In a discussion with friends, this suggestion came up: "we need more voluntary peasants in the country." It was a suggestion meant to address the looming problems of climate change, wealth inequality, and poverty worldwide. I get the premise. If more people lowered their standard of living in this nation, there might be more resources to go around. It wasn't meant as an imperative, but it struck me that this was precisely the wrong way to bring women, or ethnic and racial minorities into political or environmental movements. All I could imagine were the people who had voluntarily chosen to live without electricity, technology, or permanent property. The women, often, wear bonnets and ankle-length dresses.

"Hey, this is what we've just gotten free from," I think. Those divisions of labor that insist women churn the butter. It's not that the men in some of these communities have a wealth of opportunity, either—and I also know that participation in lots of these communities is voluntary, not coerced. And yet it rankles me.

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I consider climate a pretty serious issue, despite the fact that we here in North America have yet to feel many of the coming problems. But I do believe they are coming, somewhere down the line. And as a long-term thinker, I want to know what I can do as an individual and as a part of a larger group. But I did notice the absence of non-whites at the DC rally against Keystone XL pipeline, and that's with the Hip Hop Caucus emceeing the event.

Part of the problem with convincing people to make significant changes in their lifestyles is this fantasy that some of my friends have: a sort of Huckleberry Finn existence of rafting up and down rivers, living off the land. These are folks who saw "Beasts of the Southern Wild," and weren't a little troubled by its message. The fantasy is a nice fantasy, but not a very workable reality for me. I have a sinking suspicion that if our infrastructure (plumbing, electricity, etc.) suddenly disappeared, all the old oppressions would come right back, in all the same patterns and permutations of the past. I wonder if that obscures the benefit that many communities could get from cleaner energies, better public transportation, or national policies that protect all citizens and not just the monied. It all seems like too much backtracking, too much romanticization of a rural, agricultural past.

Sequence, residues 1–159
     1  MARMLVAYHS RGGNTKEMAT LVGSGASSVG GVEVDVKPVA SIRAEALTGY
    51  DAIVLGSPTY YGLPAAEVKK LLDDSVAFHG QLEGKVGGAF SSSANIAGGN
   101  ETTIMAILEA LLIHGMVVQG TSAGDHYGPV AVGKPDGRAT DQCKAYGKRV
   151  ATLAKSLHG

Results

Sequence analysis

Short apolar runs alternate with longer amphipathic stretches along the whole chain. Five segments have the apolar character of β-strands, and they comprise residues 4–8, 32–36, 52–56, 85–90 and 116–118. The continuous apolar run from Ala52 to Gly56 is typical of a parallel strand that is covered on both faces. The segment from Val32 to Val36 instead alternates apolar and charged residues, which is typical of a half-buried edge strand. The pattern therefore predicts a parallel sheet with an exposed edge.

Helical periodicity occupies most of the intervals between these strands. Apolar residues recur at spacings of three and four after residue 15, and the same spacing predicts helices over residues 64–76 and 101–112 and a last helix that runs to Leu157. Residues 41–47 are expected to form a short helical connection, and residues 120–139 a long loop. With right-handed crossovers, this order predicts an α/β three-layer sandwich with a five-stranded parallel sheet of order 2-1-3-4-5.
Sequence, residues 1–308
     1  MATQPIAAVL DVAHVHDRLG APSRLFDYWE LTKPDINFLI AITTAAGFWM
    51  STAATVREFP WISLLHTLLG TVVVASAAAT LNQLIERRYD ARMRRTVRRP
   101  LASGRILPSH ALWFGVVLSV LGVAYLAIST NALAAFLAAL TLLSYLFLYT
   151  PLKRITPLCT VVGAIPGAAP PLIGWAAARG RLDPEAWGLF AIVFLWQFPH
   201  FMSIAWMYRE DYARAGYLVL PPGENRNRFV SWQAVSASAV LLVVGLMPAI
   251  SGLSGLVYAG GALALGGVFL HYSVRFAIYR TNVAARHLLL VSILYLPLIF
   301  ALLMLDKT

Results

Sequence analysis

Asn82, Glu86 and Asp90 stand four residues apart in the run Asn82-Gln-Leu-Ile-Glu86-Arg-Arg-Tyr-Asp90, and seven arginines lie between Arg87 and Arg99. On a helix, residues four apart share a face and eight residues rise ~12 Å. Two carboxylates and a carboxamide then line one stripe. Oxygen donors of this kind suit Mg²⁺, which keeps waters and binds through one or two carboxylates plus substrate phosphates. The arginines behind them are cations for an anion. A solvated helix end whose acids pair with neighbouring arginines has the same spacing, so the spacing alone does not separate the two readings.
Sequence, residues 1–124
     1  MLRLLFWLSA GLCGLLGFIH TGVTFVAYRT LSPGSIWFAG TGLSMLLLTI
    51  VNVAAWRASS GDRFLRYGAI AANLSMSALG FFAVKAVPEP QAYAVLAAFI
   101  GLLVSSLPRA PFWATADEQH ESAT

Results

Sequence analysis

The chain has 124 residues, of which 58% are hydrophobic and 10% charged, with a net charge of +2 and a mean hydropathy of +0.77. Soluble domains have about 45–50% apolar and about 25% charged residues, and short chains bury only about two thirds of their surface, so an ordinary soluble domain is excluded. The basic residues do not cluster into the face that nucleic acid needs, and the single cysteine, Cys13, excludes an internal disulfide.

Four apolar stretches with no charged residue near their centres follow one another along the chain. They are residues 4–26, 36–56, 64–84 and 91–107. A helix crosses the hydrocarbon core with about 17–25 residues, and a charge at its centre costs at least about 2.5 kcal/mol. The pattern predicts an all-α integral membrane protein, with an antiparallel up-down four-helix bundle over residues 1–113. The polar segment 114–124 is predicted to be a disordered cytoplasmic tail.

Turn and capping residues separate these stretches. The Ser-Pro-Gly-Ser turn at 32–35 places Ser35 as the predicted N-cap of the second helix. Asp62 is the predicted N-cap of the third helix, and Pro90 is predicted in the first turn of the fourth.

The movement to address climate change has been moving glacially, by my standards. I suppose I understand why. It's too easy to think that there are more pressing concerns... that addressing this problem could wait just a little longer. But there also seems to be a pretty serious problem with asking people to make sacrifices and to give up gains (material or otherwise) when everyone knows that the folks with the most advantages will never let go of what they've got.

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What are your thoughts about making these movements more palatable, or giving them more teeth... and also about the romanticization of off-the-grid living? I'm not sure if that romanticization is everywhere, or just popular here where I live. [Sorry if TL;DR! And FYI the photo is a small part of an art installation in Boston. I liked the statement!]